The summer season is once again upon us, and for many people that means that it’s time to take a well-earned break. For New Zealanders in the 19th and early 20th centuries, however, summer was no time to rest. History curator Katie Cooper examines the summertime activities of jam-making and bottling. The old saying goes… Read more »

Confessions of a bounty hunter: Discovering New Zealand’s first fossil bug

Fossil of a march fly

Inspired by his recent visit to the exhibition Bug Lab, resident geologist Hamish Campbell recounts finding New Zealand’s first pre-Pleistocene fossil bug. A momentous occasion In October 1981 a cheque arrived in the post for the princely sum of £5, drawn on a BNZ bank account owned by Sir Charles Fleming. My father Doug Campbell… Read more »

Plague skinks invade the Coromandel

  • Marlborough green gecko (Naultinus manukanus). Image: Colin Miskelly, Te Papa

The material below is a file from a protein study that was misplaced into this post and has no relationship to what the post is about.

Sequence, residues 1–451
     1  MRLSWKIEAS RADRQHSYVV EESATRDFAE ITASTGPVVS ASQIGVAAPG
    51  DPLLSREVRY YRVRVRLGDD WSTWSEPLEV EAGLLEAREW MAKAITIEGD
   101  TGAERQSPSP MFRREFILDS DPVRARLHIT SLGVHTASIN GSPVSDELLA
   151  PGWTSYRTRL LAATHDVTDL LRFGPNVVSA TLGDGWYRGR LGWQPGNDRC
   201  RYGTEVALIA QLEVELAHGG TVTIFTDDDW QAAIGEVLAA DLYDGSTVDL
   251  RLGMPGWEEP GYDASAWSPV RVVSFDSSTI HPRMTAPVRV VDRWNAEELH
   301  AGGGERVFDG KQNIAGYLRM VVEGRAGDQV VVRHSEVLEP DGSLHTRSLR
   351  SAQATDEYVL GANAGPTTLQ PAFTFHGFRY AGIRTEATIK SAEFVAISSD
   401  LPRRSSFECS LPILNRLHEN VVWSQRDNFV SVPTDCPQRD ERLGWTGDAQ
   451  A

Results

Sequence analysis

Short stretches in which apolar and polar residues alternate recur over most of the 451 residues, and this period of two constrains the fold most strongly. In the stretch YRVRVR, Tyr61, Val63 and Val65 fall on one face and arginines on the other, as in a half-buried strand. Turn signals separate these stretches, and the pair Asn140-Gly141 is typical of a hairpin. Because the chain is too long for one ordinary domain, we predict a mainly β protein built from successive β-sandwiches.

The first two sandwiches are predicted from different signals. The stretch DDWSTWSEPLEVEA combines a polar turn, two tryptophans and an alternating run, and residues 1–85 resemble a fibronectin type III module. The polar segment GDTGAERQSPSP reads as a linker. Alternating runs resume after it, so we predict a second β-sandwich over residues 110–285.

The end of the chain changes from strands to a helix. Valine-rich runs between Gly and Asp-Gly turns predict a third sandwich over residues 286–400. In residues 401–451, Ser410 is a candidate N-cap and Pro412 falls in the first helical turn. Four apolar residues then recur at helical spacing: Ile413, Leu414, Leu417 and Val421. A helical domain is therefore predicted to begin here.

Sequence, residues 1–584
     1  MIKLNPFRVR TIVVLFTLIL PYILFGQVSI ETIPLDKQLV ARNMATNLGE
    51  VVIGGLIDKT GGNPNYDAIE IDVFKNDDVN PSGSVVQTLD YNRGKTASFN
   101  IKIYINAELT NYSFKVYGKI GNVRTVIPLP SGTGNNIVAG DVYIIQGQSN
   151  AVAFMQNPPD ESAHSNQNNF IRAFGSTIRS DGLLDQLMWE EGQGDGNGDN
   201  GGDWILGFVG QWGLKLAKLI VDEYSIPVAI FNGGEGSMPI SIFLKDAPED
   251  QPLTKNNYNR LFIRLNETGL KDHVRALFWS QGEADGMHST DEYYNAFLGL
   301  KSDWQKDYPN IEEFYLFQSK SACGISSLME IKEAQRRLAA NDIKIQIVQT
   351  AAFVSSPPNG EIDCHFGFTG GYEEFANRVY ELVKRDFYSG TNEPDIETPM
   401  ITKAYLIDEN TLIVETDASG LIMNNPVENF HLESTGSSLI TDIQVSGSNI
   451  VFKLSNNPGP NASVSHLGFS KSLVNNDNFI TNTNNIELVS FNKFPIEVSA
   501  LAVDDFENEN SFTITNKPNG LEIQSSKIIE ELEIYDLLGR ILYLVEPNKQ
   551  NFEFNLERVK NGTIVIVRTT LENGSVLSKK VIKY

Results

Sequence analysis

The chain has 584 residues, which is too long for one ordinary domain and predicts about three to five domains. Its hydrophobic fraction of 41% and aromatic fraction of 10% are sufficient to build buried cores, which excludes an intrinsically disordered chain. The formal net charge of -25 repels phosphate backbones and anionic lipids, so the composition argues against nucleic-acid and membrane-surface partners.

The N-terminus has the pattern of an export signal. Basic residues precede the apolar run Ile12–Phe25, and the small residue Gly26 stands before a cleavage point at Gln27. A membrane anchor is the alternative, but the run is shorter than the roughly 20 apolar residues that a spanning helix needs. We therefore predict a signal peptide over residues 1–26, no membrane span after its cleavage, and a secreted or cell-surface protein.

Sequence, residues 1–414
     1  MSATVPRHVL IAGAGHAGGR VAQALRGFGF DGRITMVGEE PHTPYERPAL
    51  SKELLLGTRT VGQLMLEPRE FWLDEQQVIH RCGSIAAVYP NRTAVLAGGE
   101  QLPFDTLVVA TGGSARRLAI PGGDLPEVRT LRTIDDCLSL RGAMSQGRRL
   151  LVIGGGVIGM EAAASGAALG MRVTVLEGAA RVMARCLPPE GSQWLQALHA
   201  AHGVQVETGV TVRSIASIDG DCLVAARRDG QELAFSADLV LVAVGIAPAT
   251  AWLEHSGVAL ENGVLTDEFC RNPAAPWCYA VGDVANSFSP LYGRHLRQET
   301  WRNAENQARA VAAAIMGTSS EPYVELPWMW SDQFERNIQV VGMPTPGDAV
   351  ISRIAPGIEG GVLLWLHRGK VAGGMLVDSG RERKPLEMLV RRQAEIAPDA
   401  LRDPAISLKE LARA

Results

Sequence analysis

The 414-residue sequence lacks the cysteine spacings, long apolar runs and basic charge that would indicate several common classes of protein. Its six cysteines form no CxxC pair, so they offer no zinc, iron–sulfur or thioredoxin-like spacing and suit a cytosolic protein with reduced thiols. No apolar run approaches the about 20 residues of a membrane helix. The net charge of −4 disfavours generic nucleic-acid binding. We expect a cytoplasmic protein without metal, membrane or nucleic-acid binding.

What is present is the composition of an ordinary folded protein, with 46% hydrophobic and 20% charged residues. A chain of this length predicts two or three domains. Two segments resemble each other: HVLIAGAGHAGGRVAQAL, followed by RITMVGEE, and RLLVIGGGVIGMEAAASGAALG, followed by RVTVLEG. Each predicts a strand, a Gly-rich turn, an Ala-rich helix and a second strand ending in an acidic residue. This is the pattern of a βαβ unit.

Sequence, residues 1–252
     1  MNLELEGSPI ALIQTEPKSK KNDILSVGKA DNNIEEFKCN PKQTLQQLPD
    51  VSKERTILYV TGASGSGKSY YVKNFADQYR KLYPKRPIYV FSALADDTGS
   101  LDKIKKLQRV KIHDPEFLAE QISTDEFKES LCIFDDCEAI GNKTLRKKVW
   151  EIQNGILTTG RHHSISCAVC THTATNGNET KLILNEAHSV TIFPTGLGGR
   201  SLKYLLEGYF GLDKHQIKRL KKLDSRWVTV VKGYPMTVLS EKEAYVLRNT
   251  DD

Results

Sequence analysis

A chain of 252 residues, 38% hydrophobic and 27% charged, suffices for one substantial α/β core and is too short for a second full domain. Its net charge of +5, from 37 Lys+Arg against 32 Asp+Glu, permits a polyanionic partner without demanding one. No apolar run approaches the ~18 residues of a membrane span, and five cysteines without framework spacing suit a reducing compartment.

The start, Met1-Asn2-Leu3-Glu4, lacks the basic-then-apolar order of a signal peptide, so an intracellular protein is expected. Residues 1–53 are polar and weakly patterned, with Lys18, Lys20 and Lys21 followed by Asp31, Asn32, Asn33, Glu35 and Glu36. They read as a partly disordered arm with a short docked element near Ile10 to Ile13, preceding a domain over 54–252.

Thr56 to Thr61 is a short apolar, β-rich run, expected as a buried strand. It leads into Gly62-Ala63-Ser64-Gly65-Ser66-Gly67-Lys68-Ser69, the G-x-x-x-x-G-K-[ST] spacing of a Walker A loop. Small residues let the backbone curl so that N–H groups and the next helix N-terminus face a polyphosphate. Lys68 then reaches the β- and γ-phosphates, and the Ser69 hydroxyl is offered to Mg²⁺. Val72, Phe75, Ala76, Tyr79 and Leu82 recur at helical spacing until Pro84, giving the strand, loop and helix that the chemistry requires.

• Plague skink (aka rainbow skink). Papa Aroha, January 2017. Image: Colin Miskelly
  • Copper skink (Oligosoma aeneum). Papa Aroha, January 2017. Image: Colin Miskelly
  • Shore skink (Oligosoma smithi). Papa Aroha, January 2017. Image: Colin Miskelly

In my previous blog I listed four Australian bird species that have colonised the Coromandel Peninsula in the last four decades. But it is not only birds that are contributing to the Aussification of northern New Zealand. Australian plague skinks are now dominating the local lizard fauna. New Zealand lizards New Zealand has an astonishingly… Read more »

‘Bone dry’: The ups and downs of banning booze

Christmas and New Year empties, 4 January 2017. Photo by Kirstie Ross

Like a tipple? History curator Kirstie Ross looks at the ways New Zealand tried to curb excessive drinking in the early 1900s and its affect on society. As you get rid of the last of your Christmas and New Year’s empties, stop for a minute and reflect back 98 years, to 17 January 1919 when the 18th Amendment of the… Read more »

Conserving plastics: why you should keep your Barbie in the fridge